New bridges, fibre boats, lack of good wood and even fish stocks bring about the industry’s end
Odisha was once known for its sea-faring traders and their wooden boats. The reputation has taken a beating with time and now, its boat-making industry seems to be on the fag end of its innings.
According to most boat makers in Odisha's coastal districts of Kendrapada and Jagatsinghpur, the industry has largely declined in the past two decades. Many boat makers are passing their days in acute economic hardship, with a steep slump in their business. Many of them have already left their traditional profession due to a sharp fall in their income.
“Unlike the past, we don't have this work throughout the year now, which is forcing us to opt for other trades,” said Mahadev Moharana, a boat maker of Jamboo village.
“Once, we used to have sufficient income to pursue the business. But these days, boat makers can hardly survive,” said Sarat Mandal, 56, of Jamboo, who retired from boat making sometime ago.
Ram Jena, 45, another boat maker in the same village, said he would leave his business although this had been his family’s main profession for three generations.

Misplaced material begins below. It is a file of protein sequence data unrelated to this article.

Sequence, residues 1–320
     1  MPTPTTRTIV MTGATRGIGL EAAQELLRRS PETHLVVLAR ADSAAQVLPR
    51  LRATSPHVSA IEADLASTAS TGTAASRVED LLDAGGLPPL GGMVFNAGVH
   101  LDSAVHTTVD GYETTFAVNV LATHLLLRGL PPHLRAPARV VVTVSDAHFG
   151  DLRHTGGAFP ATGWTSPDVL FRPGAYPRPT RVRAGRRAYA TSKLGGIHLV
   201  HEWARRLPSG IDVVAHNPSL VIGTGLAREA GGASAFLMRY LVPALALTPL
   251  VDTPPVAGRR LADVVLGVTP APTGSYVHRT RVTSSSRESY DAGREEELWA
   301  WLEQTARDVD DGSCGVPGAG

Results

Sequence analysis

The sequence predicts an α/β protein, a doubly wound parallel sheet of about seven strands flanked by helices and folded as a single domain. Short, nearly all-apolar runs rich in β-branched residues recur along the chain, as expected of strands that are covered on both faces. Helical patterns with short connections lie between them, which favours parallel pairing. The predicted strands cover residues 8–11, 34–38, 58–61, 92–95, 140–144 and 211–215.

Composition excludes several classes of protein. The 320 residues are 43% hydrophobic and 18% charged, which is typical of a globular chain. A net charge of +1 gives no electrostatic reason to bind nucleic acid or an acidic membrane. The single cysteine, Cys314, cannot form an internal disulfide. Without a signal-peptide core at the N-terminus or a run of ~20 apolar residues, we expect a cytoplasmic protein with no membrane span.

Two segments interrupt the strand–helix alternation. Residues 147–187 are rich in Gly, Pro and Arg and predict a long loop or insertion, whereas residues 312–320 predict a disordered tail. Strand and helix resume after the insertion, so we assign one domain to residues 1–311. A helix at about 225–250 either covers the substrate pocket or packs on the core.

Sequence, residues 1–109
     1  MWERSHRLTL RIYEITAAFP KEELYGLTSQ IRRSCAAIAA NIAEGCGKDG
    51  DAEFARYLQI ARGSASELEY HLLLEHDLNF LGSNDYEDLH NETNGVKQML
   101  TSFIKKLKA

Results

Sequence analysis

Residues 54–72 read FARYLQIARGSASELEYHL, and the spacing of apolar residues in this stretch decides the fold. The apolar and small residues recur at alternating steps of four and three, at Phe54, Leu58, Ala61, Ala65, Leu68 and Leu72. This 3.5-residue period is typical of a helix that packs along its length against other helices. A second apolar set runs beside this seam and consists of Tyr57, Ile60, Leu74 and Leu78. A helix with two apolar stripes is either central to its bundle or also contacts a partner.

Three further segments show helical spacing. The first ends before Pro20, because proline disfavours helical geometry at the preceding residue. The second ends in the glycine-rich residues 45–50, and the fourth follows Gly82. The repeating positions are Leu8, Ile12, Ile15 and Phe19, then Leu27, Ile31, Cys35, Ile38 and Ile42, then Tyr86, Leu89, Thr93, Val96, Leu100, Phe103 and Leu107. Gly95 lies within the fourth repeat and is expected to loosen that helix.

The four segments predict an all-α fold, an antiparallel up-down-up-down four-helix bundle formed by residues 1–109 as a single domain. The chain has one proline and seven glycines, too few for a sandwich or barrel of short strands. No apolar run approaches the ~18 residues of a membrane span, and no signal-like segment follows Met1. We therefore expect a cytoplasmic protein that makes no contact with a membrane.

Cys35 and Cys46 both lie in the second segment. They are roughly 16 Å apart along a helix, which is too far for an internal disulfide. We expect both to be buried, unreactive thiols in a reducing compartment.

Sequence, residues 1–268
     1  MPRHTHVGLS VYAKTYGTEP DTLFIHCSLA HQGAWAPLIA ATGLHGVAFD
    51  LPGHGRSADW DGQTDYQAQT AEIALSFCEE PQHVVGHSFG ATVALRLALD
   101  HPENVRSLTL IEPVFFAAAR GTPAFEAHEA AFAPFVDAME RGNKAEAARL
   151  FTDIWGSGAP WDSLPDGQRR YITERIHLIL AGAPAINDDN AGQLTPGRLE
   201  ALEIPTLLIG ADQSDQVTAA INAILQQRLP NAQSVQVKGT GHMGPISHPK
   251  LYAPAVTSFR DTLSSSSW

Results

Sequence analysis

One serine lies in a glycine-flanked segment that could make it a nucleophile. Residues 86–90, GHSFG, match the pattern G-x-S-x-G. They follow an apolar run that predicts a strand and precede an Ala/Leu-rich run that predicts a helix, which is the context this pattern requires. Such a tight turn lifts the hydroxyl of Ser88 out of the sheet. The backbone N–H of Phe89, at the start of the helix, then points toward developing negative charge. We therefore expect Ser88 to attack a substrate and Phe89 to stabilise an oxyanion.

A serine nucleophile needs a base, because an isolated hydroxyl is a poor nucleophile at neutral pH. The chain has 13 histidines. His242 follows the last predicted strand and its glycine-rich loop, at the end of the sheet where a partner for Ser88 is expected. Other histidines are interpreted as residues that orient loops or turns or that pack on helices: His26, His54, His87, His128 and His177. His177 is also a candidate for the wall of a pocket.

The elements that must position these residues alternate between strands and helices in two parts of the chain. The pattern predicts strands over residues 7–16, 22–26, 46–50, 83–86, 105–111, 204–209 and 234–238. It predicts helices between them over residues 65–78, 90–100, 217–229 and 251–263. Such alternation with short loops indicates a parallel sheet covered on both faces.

Among the major reasons being cited for the decline of the industry are the recent construction of bridges over rivers in the two districts and the advent of fibre fishing boats. Other causes include a lack of special carpenters, non-availability of good quality wood, pollution in sea waters, dwindling fish populations and the increasing cost of particular woods.
There is a sudden drop in the manufacture of new boats at units in Kharinashi, Ramanagar, Jamboo, Barapada, Kansar, Batighar, Tubi, Paradip and other areas, after fishermen started purchasing fibre boats two decades back.
The boat makers in these areas, who used to build around 500 new boats every year, are now eking out a livelihood by repairing old boats. The number of new boats being built had come down to around 250 last year, said Harekrushna Moharana, a boat maker in Kharinashi village.
As Giridhari Mandal’s hands give finishing touches to a wooden boat, there is a look of distaste on his face. “I learnt the art of making wooden boats from my father. In our village, around 20 families used to make boats a decade back. But now, only 10 families do it. The invasion of fibre boats has forced many boat makers to go in search of greener pastures. Others have taken other odd jobs,” said 57-year-old Giridhari from the seaside village of Batighar.
Mandal says he does not want his children to become traditional boat makers.
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